Euthanasia or physician-assisted dying may also be raised. People are often concerned about the process of dying and, unsurprisingly, the idea of falling asleep and not waking up is attractive. This may be especially so if they themselves have witnessed someone dying with substantial suffering or indignity. If this is the case, it is wise to dedicate a separate consultation to hear the patient’s story and to listen to their desires and concerns. Legal requirements regarding physician-assisted dying vary from state to state, and may change in the future. As yet, in NSW, I can state that I do not want to be (nor may I legally be) the one who deliberately provides them with the means of dying. However, I can reiterate that my aim is to keep them comfortable during the dying process, and support their wish to be at home, hospice or hospital. Though assisted living is harder than assisted dying, its possibilities are far greater as well.
To this end, ambulance care plans and the involvement of the local palliative care team is helpful. GPs can write instructions so that when an ambulance is called, the paramedics know whether they are to transfer the patient to hospital, or to keep the patient comfortable at home. Medication options and doses are specified, as well as details of ongoing care and contact numbers. Ambulance care plans can either be written generally,12 or for palliative care.13 This second option is more relevant to end-of-life care, but may depend on whether the local palliative care team is willing to accept referrals not involving imminent death, e.g. ischaemic heart disease, heart failure, COAD, renal disease, etc.. Discussion and relationship with your local palliative care team is highly recommended to facilitate a smooth transition at the end of life, especially if a patient would prefer to be cared for at home, rather than transferred to hospital.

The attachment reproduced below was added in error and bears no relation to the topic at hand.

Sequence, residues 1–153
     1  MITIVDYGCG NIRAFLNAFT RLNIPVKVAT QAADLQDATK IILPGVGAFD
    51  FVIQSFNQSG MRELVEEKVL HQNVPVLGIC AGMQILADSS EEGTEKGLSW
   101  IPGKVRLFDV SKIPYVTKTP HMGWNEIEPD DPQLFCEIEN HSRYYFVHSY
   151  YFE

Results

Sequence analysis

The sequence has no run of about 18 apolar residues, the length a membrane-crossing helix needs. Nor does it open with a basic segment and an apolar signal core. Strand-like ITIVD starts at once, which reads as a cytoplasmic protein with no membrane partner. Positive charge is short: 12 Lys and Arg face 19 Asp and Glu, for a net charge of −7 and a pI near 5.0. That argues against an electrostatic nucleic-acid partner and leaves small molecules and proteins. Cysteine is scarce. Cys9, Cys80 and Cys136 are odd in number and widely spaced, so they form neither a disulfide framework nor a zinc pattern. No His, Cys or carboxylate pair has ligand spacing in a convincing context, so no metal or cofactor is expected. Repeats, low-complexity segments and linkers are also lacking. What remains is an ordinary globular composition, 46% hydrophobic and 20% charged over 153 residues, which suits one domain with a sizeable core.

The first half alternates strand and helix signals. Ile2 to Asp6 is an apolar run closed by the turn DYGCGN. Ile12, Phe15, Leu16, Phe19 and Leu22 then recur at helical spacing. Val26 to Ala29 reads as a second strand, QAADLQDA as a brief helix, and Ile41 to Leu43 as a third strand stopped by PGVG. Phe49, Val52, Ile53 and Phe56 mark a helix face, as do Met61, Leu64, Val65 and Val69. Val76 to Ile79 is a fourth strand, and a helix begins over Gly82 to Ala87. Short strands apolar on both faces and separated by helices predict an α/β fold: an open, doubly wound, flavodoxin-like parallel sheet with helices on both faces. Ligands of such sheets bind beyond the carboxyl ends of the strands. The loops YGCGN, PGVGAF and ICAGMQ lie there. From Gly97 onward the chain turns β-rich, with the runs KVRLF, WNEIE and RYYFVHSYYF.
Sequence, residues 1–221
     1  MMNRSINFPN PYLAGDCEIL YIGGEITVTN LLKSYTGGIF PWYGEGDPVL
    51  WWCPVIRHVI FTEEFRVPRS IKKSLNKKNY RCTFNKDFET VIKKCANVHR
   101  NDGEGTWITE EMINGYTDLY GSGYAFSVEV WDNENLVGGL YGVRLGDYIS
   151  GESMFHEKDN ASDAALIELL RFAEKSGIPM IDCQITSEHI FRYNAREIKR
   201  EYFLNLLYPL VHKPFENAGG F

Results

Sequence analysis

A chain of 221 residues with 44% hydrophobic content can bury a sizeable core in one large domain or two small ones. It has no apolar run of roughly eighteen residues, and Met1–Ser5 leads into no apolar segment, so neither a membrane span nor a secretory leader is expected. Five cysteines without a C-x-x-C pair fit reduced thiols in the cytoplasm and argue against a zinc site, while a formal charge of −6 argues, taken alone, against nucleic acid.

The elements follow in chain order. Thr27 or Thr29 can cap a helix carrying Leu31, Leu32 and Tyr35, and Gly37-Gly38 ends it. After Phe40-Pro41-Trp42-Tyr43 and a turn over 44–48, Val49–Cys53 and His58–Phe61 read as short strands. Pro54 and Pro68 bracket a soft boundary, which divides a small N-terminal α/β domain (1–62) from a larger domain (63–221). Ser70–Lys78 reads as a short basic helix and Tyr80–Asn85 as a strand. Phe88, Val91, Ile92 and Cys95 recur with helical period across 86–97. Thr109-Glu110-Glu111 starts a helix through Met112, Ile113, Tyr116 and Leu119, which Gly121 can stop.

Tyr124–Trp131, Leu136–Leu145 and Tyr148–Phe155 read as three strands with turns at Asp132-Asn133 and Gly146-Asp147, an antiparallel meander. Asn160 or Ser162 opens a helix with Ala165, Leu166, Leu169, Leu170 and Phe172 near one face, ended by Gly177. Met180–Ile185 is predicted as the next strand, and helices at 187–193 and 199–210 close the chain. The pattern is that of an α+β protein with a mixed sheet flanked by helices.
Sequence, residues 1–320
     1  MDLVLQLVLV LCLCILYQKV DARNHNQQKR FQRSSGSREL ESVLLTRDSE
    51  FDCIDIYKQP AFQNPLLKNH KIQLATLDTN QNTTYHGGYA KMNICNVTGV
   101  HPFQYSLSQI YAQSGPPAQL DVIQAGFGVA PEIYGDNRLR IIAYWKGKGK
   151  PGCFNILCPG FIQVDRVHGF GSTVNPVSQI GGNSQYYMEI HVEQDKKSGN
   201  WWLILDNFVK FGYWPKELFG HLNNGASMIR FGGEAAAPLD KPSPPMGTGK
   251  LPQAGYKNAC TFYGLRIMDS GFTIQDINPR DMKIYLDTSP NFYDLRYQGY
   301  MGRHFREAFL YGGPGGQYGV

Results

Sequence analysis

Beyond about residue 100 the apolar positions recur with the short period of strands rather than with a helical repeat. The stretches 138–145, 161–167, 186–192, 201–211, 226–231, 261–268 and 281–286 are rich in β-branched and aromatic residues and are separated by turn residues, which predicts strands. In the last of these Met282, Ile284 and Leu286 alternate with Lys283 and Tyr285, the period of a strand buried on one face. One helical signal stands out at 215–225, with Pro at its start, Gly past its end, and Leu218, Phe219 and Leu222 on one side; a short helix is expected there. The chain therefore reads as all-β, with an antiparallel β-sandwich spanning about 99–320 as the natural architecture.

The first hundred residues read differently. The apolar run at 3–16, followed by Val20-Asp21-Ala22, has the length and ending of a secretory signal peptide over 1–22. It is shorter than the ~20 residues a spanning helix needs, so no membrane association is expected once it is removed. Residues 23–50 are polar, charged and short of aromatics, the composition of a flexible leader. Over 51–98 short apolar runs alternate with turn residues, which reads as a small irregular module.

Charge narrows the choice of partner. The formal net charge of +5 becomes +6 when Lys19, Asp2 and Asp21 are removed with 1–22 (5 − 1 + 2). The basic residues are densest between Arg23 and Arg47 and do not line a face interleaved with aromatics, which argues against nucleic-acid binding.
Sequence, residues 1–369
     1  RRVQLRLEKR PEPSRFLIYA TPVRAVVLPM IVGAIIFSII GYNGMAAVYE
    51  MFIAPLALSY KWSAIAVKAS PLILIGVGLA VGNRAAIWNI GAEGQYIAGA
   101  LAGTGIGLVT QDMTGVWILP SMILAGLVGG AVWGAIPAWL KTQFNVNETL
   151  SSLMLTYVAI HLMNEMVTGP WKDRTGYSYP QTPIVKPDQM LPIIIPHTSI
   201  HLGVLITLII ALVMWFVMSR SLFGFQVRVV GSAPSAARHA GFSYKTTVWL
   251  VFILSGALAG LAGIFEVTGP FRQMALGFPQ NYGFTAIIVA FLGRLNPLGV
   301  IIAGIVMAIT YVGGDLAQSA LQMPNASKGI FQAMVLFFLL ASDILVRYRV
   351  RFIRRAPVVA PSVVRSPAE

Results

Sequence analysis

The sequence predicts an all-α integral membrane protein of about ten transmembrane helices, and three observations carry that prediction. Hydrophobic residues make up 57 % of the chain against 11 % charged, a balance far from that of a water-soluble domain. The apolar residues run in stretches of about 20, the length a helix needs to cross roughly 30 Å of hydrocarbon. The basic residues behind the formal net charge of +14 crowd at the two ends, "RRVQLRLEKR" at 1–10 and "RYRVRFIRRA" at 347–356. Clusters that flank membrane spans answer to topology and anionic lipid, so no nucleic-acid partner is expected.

“Discussion and relationship with your local palliative care team is highly recommended to facilitate a smooth transition at the end of life.”
I’ll leave you with a few more words from Atul Gawande1b:
…[S]ociety has forgotten what scholars call the ‘dying role’ and its importance to people as life approaches its end. People want to share memories, pass on wisdom and keepsakes, settle relationships, establish their legacies, make peace with God, and ensure that those who are left behind will be okay. They want to end their stories on their own terms. This role is… among life’s most important, for both the dying and those left behind. And if it is, the way we deny people this role… is cause for everlasting shame. Over and over, we in medicine inflict deep gouges at the end of people’s lives and then stand oblivious to the harm done.
…endings matter, not just for the person but, perhaps even more, for the ones left behind1c… We’ve been wrong about what our job is in medicine. We think our job is to ensure health and survival. But really it is larger than that. It is to enable well-being. And well-being is about the reasons one wishes to be alive. Those reasons matter… all along the way.1d